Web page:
A Lockheed Martin PAC-3 Missile successfully intercepted an incoming target on Thursday, November 19, as part of a U.S. Army-led missile defense flight test at White Sands Missile Range, New Mexico. The PAC-3 interceptor successfully detected, tracked and intercepted a Patriot-as-a-Target (PAAT), which is a legacy Patriot missile modified to represent a tactical ballistic missile common in today’s operational environment.
«The PAC-3 Missile continues to demonstrate its reliability in the field, and it remains the only combat proven hit-to-kill interceptor in the world», said Scott Arnold, vice president of PAC-3 programs at Lockheed Martin Missiles and Fire Control. «As global threats escalate, we expect PAC-3 interceptors to continue serving as a critical defense layer in the protection of soldiers, citizens and infrastructure».
The intercept is the second successful PAC-3 Missile test in just under one week. On Thursday, November 12, a PAC-3 also intercepted an airborne target as part of the U.S. Army’s Integrated Air & Missile Defense Battle Command System (IBCS) fight test at White Sands.
The PAC-3 Missile is a high-velocity interceptor that defends against incoming threats including tactical ballistic missiles, cruise missiles and aircraft using hit-to-kill technology. PAC-3 currently provides missile defense capabilities for six nations – the U.S., the Netherlands, Germany, Japan, United Arab Emirates and Taiwan; and Lockheed Martin is on contract for PAC-3 with four additional nations – Kuwait, Qatar, South Korea and Saudi Arabia.
PATRIOT Advanced Capability-3 (PAC-3)
The most mature hit-to-kill weapon system of the Ballistic Missile Defense System (BMDS), the Patriot Weapon System using Patriot Advanced Capability (PAC)-3 missiles, is now operational and fielded by the U.S. Army.
A land-based element built upon the proven Patriot air and missile defense infrastructure.
PAC-3 was deployed to the Middle East as part of Operation Iraqi Freedom where it intercepted ballistic missiles with a combination of GEM and PAC-3 missiles. The GEM missile uses a blast fragmentation warhead while the PAC-3 missile employs hit-to-kill technology to kill ballistic missiles.
The Army is responsible for production and further development of the PAC-3 and the Medium Extended Air Defense System (MEADS); the Missile Defense Agency remains responsible for the BMDS and PAC-3 interoperability and integration efforts.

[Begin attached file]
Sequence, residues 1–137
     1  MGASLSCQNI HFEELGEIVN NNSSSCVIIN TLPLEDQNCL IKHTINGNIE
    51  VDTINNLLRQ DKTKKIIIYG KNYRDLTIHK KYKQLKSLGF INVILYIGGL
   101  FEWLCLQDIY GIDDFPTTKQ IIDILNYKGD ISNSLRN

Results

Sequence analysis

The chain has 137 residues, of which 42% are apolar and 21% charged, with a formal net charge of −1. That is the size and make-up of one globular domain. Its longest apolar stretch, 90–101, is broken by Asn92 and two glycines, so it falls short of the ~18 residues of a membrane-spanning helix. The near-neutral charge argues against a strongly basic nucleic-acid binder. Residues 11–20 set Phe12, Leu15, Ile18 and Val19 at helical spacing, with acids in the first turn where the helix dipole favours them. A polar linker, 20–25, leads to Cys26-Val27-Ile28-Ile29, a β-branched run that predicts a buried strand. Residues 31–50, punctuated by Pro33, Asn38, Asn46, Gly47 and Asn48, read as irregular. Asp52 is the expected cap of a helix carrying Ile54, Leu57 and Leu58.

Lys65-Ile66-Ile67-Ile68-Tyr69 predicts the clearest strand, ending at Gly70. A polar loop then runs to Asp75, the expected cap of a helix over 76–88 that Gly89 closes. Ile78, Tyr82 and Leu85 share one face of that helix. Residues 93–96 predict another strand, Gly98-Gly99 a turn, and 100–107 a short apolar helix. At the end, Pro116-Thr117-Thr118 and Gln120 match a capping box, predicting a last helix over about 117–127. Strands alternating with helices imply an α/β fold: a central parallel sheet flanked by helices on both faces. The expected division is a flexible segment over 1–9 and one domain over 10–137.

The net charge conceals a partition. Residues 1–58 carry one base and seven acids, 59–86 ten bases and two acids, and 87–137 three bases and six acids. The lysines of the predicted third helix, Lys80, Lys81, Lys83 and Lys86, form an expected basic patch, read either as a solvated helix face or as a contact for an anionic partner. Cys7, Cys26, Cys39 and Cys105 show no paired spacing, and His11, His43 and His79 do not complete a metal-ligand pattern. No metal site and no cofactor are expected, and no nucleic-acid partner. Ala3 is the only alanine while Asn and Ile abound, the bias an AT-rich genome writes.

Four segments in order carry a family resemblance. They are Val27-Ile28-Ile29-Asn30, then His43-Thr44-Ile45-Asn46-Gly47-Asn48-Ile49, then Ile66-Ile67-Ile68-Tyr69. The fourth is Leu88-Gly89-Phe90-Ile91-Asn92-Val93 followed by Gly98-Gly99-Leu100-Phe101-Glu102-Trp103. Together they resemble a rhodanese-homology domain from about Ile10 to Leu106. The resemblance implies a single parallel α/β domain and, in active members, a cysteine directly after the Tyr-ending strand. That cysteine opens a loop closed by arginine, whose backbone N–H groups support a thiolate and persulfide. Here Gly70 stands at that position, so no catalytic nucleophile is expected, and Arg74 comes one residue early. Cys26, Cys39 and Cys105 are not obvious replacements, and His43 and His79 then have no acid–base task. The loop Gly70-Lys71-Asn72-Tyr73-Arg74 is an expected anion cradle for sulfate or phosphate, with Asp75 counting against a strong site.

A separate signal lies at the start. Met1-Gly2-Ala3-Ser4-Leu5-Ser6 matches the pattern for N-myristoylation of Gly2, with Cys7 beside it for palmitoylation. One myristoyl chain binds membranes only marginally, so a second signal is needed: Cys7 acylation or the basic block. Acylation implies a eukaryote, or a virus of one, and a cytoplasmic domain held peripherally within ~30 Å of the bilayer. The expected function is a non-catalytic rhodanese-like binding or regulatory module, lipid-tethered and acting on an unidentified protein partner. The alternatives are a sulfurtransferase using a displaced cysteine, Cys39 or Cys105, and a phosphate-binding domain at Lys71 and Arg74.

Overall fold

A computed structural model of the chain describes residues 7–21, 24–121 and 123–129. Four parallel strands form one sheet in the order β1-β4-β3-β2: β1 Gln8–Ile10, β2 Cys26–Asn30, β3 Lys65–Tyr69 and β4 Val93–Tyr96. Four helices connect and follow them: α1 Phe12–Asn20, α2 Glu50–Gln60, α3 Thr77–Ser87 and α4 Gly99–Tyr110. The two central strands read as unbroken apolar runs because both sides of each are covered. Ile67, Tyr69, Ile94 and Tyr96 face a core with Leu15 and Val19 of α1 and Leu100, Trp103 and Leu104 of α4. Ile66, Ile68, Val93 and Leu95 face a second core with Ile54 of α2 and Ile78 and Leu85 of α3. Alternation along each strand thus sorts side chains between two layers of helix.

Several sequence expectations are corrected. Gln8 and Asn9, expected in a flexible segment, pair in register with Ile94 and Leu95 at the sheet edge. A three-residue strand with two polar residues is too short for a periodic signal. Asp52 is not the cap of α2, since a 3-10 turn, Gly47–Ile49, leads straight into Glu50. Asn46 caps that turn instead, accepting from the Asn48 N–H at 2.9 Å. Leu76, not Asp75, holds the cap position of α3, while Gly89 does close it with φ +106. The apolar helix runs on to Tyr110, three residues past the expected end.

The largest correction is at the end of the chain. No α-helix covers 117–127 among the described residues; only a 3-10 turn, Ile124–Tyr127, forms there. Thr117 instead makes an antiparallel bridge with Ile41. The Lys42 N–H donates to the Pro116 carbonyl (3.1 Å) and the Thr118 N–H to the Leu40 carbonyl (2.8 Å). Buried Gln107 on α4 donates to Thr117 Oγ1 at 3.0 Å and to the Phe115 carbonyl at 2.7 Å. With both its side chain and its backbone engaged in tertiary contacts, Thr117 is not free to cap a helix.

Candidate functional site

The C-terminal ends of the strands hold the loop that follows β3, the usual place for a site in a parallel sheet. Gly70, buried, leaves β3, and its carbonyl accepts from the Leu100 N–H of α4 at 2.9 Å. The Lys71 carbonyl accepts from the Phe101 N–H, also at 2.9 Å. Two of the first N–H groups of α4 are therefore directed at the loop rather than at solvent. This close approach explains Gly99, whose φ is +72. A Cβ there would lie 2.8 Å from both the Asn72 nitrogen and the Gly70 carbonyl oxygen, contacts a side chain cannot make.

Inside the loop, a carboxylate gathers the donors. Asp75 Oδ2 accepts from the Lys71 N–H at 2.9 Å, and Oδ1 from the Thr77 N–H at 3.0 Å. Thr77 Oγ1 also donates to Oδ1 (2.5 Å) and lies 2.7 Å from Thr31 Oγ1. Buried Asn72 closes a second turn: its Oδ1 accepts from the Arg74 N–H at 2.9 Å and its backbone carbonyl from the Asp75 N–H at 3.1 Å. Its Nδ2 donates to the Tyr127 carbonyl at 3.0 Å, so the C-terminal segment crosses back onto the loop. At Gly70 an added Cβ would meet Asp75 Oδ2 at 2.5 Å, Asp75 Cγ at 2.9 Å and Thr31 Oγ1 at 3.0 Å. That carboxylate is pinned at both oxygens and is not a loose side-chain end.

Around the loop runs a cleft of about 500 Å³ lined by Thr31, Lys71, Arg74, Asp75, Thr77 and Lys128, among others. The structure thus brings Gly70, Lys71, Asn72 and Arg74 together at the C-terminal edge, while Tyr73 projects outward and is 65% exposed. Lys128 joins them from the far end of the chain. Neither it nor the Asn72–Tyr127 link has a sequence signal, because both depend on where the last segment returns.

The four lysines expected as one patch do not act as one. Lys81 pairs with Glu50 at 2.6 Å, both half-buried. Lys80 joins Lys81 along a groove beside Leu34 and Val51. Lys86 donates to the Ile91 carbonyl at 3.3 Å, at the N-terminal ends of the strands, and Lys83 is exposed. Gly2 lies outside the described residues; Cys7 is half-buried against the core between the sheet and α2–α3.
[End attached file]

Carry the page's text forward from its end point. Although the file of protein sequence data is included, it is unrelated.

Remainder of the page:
Provides simultaneous air and missile defense capabilities as the Lower Tier element in defense of U.S. deployed forces and allies.
Works with Terminal High Altitude Area Defense (THAAD) to provide an integrated, overlapping defense against missile threats in the terminal phase of flight. Jointly, these systems engage the threat by forming a multi-tier theater defense against adversary missile threats using peer-to-peer engagement coordination, early warning track data, and battle management situational awareness.
Contributes to the entire system’s situational awareness by transmitting precision cueing data to other theater elements while simultaneously protecting system assets against short-range ballistic missiles, large-caliber rockets, and air-breathing threats.
For homeland defense, Patriot provides detection, track, and engagement of short-range ballistic missiles and cruise missiles. These engagements are further enhanced by networked remote sensors that supply early warning data to increase the probability of success.
Patriot has added Upper-Tier Debris Mitigation capability to mitigate the excessive radar load and potential missile waste caused by debris from upper-tier intercepts.
October 25, 2012 – A Terminal High Altitude Area Defense (THAAD) interceptor is launched from Meck Island and a PATRIOT Advanced Capability 3 (PAC-3) interceptor is launched from Omelek Island during MDA’s historic integrated flight test on October 24, 2012 (October 25 on Kwajalein)